Taxonomy, phylogeny and ecology of gall midges


Gall midges (family Cecidomyiidae) constitute the largest and most

diverse group of gall-inducing insects. Roughly 70% of the species in the

family develop in galls, which the larvae induce in plants from many different families. Some species form conspicuous and complex galls such as those seen in the picture above, others form simple or inconspicuous galls, and many others develop in plant tissues without gall formation. Most gall midges are very host specific, such that each species is associated with a single host plant or with a few closely related species of  plants. While the gall-midge fauna of Europe and North America isrelatively well known, that of other parts of the world is poorly studied and many species remain to be discovered and described.

     We study different groups of gall midges from Israel and other parts of the world, with special emphasis on taxa that are associated with the plant families Chenopodiaceae, Asteraceae and Fagaceae. Many of the species we work on are new to science and their basic life history is unknown yet. We use morphological and molecular methods to study their taxonomy and phylogeny, and conduct field and laboratory work to learn about their life history and ecology.

Speciation in phytophagous insects and their natural enemies

Phytophagous insects constitute one of the largest and most successful

groups in nature in terms of biological diversity. Many of them are

specialized herbivores and their adaptations to specific host plants can lead

to reproductive isolation and eventually to the formation of distinct species.

We study behavioral and ecological factors that contribute to reproductive

isolation in gall midges, such as mate choice, oviposition choice, allochronic

activity and hybrid fitness. We also investigate the role of natural enemies

in this process by documenting attack levels on galls in the wild and by testing

preference and performance of the enemies in greenhouse and laboratory experiments.

Ecology and taxonomy of galling insects on oaks

The diversity and complexity of cynipid galls is second only to those of

cecidomyiid galls. The great majority of gall wasps are associated with

oaks, and their galls on these trees are some of the most common and

striking in Mediterranean oak forests. The five native oak species in Israel

host at least 70 species of gall wasps and gall midges, the taxonomic status and basic life history for many of which is poorly known. We recently completed a study on the taxonomy of oak cynipids and the influence of habitat fragmentation on their populations on the Thabor oak (Quercus ithaburensis) in Israel. We plan further systematic and ecological studies on the rich community of natural enemies of galling insects on oaks as well as on the systematics and life history of gall-midges on these plants.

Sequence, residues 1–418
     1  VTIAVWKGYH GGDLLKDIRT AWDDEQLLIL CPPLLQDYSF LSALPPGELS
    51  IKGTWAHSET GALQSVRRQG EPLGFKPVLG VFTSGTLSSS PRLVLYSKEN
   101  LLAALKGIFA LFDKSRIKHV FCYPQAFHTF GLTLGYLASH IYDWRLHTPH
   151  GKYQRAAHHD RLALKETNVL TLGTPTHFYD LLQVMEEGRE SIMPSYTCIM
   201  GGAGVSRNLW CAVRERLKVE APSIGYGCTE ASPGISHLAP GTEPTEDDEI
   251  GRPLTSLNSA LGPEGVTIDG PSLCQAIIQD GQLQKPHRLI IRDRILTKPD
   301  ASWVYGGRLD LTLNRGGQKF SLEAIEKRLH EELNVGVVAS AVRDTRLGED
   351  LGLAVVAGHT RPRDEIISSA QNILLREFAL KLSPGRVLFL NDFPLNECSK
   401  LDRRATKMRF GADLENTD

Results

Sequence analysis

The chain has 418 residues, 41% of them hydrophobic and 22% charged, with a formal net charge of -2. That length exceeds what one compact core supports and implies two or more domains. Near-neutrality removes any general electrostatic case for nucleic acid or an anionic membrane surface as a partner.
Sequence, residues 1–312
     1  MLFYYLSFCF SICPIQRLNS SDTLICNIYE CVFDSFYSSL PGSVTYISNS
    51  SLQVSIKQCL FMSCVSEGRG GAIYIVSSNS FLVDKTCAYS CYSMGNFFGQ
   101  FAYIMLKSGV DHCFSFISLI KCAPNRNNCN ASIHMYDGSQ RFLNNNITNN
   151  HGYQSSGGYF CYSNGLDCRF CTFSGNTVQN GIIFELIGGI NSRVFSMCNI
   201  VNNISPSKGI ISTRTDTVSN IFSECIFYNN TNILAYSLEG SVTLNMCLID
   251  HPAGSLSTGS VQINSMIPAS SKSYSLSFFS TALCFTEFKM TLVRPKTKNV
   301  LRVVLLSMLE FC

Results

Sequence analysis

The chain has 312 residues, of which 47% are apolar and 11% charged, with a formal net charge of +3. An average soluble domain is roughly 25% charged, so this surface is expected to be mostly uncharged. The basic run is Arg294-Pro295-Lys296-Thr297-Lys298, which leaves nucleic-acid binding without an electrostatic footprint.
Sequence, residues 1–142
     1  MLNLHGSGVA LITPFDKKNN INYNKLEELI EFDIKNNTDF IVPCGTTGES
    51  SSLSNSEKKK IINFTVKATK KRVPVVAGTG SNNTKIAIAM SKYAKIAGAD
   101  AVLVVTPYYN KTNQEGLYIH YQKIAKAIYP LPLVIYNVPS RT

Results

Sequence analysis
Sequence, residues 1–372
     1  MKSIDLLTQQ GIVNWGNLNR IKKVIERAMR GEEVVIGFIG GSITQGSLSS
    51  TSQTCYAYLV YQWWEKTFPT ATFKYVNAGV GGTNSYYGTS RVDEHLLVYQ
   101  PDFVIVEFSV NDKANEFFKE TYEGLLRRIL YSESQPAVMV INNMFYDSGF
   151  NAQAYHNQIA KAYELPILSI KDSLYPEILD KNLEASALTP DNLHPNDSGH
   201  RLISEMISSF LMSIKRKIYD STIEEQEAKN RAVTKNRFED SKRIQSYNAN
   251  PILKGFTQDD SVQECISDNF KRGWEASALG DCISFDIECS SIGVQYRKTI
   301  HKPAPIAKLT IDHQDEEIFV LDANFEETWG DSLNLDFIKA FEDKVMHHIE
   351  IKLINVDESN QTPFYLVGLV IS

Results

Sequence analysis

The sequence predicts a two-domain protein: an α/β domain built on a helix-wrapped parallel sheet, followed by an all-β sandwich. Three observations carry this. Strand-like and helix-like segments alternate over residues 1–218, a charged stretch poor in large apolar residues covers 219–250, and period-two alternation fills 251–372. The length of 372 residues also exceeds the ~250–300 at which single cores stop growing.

Aquatic insects as bio-indicators for water quality

Mayflies (order Ephemeroptera) and caddisflies (order Trichoptera) are

insects whose nymphal stages develop in aquatic habitats, particularly

streams and rivers. Because the immature stages of many species are sensitive to changes in

environmental conditions, these insects play a major role in various indices

and other methods for the evaluation of aquatic ecological systems and for monitoring anthropogenic disturbances to such habitats. The mayfly fauna of Israel has been recently revised and is currently estimated at about 30 species from 8 families, although continuing study may raise this number. By contrast, the Israeli caddisfly fauna has not been studied for several decades and we currently initiate a comprehensive survey of this group in diverse aquatic habitats throughout Israel in order to substantiate the knowledge on the local fauna. We intend to revisit the systematics of Israeli caddisflies, associate the little known larvae with the adult stages, and characterize the ecological requirements of all species. This work is expected to promote the development of tools for the assessment of stream conditions based on mayfly and caddisfly community composition, as is customary in other parts of the world.

Biological control of invasive weeds

Biological invasions constitute one of the major threats to biodiversity

worldwide. Invasive weeds are plants that were introduced (accidentally

or deliberately) from their native land into other parts of the world and

now aggressively displace native plants and animals due to their

remarkable dispersal and reproduction abilities, lack of competition, and lack of local natural enemies. Such invasions often lead to fundamental changes in local ecosystems, including protected areas. Classical biological control is the prevailing practice for the biocontrol of weeds, especially when the invasive plant has spread out of control and cannot be eradicated locally. One of the most aggressive and notorious weeds in Israel is the Australian tree Acacia saligna, which was introduced for dune reclamation in the early 1900s and has quickly spread from the coastal plain to other parts of the country. For the past few years, we have been investigating the use of seed-destroying weevils as biological control agents against Acacia saligna in Israel with the hope that the beetles will help to stop the dispersal of trees and aid in their eradication from threatened habitats. Following successful quarantine experiments with the weevils over the past few years, we recently launched the second phase of this study, which includes the release of the beetles in Israel and monitoring of their establishment in disturbed natural habitats.